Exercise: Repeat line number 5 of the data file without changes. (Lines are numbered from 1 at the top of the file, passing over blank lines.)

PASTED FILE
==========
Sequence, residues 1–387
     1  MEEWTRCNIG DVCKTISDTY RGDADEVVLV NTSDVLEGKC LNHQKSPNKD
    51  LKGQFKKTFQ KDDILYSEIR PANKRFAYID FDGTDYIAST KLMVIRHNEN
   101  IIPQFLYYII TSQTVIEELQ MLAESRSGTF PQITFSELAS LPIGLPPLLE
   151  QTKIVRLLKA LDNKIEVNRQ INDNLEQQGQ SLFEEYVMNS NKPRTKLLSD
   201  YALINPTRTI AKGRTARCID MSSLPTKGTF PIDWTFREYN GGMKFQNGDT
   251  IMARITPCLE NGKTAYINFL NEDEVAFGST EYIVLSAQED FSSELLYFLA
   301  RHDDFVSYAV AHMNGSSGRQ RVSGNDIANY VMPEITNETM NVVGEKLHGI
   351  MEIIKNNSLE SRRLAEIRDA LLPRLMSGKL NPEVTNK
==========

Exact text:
   151  QTKIVRLLKA LDNKIEVNRQ INDNLEQQGQ SLFEEYVMNS NKPRTKLLSD